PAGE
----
Sundance Part One!
Posted on Friday January 16, 2009, 22:50 by Damon Wise
Well, if the credit crunch really is affecting Sundance, so far it's done me nothing but good. In fact, after 24 hours solid travelling to get here, changing twice and stopping briefly in Las Vegas, I have none of my usual complaints (where's my luggage? where's my accreditation? what's that dead prostitute doing in my room?). It is simply this: Dear Delta air hostesses, why, when your beer costs $7 a can, and as charming as you are, do you act all surprised when you don't have change? Other than that, the flight was very pleasant, made even more convivial by the fact that filmmaker Steve Sheil and his producer Lisa Trnovski were on the same flight. Steve is the director of Mum And Dad, a very funny, but highly gory black comedy that stars the avuncular Perry Benson (although having said that, I don't have any uncles who have ever tried to shit on a newsagent's floor, as Benson so memorably did in Shane Meadows' This Is England). They're here because the film is screening over at Slamdance, a parallel festival I've never, ever been to, but not for want of trying. If you're in the Park City area, it's showing on Sunday night. If not, and that's probably most of you, it's still in cinemas/available on DVD/showing on cable as part of its crazy Christmas cross-platform release. If you have a strong stomach, have read Gordon Burn's Happy Like Murderers for more than just the juicy bits and think Marilyn Manson is a bit of a bell-end, I'd strongly recommend it.
The opening party was the usual shambolic free-for-all, with lots of young people and annoyingly big crowds at the tiny bars (rather lavishly for Sundance, these consisted of not one but TWO young ladies, with more than one bottle of vodka at their disposal). Producer Trudi Styler was due to pop in with her husband, a Mr Sting, but I believe they judiciously decided to give it a miss. I can't quite imagine how the stylish Ms Styler would feel about having to wear a plastic yellow bracelet that's “good for three alcoholic beverages”, while security was so chaotic I fear Mr Sting would still be there now, signing battered vinyl copies of Spirits In The Material World. However, the company was good. Jeff Goldsmith, the wild man of Creative Screenwriting magazine, was on hand to lecture me about going to more public screenings, while producer Stuart Fenegan was enjoying the first festival to show his first film, Moon, directed by Duncan Jones and starring Sam Rockwell. Jones left just as I was arriving, claiming to be tired, although I'm inclined to believe it was because he is, in actual fact, a great big girl. Still, I'm seeing his film today and am very much looking forward to it, and he has a whole week to reinvent himself as a party animal. Much more in the swing was Ondi Timoner, whose rock-doc DiG! I loved to bits and who's here with another doc called We Live In Public. Ondi Twittered me as part of her current project to Live In Public (see what she did there?) and, having seen my 'Ooh, ooh, ooh' rating system, told me her new film raised the Ooh bar. I'm seeing it Monday, and will let you know if it really can elicit an unthinkable FIVE Oohs. To cap things off, Jeff and I spent the early hours chatting in the Marriott lounge. The two bar guys walked passed and said hello; when they see me, I have a horrible feeling that they know the festival's really started.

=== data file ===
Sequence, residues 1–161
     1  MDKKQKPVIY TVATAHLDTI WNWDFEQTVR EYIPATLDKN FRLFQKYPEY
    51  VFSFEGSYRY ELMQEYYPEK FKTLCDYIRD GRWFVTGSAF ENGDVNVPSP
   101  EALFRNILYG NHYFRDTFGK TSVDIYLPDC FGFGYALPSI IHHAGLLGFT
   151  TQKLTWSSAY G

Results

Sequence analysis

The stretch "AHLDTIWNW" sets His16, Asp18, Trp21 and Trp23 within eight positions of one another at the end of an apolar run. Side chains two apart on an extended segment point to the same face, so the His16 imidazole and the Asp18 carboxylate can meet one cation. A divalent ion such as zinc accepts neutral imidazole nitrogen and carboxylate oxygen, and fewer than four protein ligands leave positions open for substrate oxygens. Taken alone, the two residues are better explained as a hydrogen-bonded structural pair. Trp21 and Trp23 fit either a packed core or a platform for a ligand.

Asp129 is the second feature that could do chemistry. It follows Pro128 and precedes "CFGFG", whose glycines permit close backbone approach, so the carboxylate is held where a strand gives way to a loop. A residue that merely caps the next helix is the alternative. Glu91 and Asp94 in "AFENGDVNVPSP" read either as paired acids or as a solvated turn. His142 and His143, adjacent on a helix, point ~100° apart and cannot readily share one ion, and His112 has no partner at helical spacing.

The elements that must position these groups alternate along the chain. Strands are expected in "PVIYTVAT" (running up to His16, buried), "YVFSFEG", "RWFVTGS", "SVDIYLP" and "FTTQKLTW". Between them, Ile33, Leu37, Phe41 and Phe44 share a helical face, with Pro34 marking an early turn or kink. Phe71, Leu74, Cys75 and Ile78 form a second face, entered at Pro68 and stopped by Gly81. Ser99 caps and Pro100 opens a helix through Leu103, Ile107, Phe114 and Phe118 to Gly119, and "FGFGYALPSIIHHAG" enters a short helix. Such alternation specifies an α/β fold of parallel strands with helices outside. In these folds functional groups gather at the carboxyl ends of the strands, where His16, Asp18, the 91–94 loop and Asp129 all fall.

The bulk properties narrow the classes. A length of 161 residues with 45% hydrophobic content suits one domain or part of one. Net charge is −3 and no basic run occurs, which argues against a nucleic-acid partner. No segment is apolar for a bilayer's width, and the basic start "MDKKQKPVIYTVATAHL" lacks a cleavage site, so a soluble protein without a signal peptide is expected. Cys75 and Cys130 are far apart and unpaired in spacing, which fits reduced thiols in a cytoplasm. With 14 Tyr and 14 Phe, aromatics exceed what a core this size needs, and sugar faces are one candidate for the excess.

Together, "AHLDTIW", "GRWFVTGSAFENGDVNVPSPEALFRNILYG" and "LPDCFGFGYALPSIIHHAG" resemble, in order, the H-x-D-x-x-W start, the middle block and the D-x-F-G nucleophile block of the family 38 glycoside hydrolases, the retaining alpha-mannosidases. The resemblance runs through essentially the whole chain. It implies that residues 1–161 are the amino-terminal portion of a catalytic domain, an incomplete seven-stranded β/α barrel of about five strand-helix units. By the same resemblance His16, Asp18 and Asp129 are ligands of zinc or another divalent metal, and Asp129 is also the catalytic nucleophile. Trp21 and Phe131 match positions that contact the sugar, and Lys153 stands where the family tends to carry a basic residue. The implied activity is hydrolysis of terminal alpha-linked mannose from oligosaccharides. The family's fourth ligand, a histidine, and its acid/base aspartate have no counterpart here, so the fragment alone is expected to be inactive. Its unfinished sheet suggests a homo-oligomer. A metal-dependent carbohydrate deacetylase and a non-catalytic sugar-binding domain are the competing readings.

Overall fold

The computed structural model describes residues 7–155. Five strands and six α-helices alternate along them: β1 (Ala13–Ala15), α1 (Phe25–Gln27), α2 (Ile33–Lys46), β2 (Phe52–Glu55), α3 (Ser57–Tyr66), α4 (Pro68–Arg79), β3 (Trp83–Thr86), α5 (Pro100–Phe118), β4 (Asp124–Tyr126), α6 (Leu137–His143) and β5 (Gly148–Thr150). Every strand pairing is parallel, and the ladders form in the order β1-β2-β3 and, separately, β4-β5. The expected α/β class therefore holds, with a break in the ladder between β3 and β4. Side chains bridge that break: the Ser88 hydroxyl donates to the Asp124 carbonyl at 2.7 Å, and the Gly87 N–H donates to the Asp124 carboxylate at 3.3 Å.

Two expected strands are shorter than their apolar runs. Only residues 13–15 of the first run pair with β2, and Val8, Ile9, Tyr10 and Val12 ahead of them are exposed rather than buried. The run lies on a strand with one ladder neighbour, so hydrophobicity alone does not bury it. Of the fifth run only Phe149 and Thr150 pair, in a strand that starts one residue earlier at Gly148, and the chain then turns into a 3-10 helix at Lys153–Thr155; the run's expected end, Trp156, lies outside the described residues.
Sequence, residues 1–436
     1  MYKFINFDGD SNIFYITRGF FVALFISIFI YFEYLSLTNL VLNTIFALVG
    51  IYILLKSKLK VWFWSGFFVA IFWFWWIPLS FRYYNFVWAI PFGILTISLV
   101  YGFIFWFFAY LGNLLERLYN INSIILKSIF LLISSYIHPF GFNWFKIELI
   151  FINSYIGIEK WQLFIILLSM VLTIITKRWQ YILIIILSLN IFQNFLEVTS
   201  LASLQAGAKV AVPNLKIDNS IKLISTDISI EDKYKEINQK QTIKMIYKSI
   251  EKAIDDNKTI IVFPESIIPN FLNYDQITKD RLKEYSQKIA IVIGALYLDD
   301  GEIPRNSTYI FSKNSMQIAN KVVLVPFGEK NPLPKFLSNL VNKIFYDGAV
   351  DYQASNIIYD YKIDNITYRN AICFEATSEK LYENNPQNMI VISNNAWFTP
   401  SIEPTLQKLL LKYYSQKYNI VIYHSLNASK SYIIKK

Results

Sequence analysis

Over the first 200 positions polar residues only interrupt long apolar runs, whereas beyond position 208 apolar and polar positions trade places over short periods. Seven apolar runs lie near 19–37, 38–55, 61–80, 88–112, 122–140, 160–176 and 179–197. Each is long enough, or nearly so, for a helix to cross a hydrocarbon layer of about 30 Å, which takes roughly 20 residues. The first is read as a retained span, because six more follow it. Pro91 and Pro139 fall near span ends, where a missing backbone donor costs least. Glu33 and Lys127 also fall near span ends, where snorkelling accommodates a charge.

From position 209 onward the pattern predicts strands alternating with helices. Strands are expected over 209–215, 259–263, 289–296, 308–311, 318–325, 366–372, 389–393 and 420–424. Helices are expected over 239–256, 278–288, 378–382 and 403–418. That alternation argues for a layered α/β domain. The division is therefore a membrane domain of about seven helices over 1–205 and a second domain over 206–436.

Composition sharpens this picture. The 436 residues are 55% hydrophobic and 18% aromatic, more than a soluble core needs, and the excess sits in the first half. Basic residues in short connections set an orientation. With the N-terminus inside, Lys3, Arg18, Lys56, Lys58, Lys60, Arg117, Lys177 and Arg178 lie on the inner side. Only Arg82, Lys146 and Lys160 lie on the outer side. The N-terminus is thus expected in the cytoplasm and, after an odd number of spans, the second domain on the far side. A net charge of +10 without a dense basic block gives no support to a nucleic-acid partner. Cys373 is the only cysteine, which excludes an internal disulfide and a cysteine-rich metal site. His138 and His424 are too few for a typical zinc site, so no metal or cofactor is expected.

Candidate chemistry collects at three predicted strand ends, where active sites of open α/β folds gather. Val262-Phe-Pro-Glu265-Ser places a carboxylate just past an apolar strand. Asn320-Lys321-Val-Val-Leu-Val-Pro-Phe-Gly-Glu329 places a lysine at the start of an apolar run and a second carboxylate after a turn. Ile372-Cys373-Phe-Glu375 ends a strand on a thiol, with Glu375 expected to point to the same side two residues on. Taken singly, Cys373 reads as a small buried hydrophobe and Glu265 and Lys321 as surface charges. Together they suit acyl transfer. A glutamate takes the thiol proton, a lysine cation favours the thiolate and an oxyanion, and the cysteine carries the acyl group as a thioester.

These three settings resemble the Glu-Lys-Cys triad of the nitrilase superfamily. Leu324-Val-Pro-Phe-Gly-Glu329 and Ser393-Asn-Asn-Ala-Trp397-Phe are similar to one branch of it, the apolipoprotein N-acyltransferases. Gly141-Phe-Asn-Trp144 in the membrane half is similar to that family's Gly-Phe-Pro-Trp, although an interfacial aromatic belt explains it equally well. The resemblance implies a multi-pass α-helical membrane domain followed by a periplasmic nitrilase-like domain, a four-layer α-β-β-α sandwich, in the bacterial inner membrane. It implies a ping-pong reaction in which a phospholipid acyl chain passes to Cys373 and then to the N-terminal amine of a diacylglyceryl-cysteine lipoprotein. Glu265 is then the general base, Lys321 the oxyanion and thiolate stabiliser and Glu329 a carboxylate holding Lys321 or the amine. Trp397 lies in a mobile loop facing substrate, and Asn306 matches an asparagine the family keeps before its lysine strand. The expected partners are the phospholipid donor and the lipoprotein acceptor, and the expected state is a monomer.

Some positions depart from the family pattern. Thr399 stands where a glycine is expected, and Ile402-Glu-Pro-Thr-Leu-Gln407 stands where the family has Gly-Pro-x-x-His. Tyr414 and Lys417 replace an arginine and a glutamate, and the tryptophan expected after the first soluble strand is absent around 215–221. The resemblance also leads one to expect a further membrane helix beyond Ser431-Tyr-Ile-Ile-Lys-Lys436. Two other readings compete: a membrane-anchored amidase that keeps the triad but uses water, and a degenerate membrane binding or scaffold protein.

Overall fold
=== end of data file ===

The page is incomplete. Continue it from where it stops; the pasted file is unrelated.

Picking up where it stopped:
Perhaps inspired by the story of Benjamin Button, I decided to do opening night in reverse, and saw the opening film, Mary And Max, this morning, an Australian Claymation feature about the unlikely friendship between Mary (Toni Collette), a bullied eight-year-old girl in Melbourne, and Max (Phillip Seymour Hoffman), a neurotic middle-aged man in New York. Advance word from last night was a bit so-so, so I went with low expectations, but I was very, very pleasantly surprised by it. You can guess some of the problems just from the premise; it's quite episodic, simply because both characters are so far away, and because this is a friendship that largely exists on paper, director/writer Adam Elliott struggles at times to keep the framing story moving along (Barry Humphries does a wonderful job as the narrator). The debt to Nick Park is absolutely there, but it's affectionate rather than derivative; there are some beautiful moments in here, and the tone is wonderfully balanced between moments of exquisite dark comedy and genuine pathos. Both characters are indelibly drawn and, strangely, overcome the plastic limits of Claymation. Some may find the ending a little twee, but it's a strong, largely unsentimental film despite this; it's the kind of humour the Australians handle brilliantly well. Elliott was on hand to introduce the film and revealed that it took a staggering 57 weeks to film, with some five seconds of stop-motion being captured every day (“It's like making love. While being stabbed to death,” is how he memorably described the process. This human touch really shows, and the voice leads deserve some of the credit too. Eric Bana makes a fantastic cameo as Mary's closeted gay husband-to-be, but Collette is pretty great too and nobody says “Ooh” quite like Hoffman (apart from me, of course).
Today's screening programme continues apace with Moon, Brooklyn's Finest, Rudo Y Cursi and, if I'm still awake, Grace. In the meantime, remember: I bring you love, baby, not romance!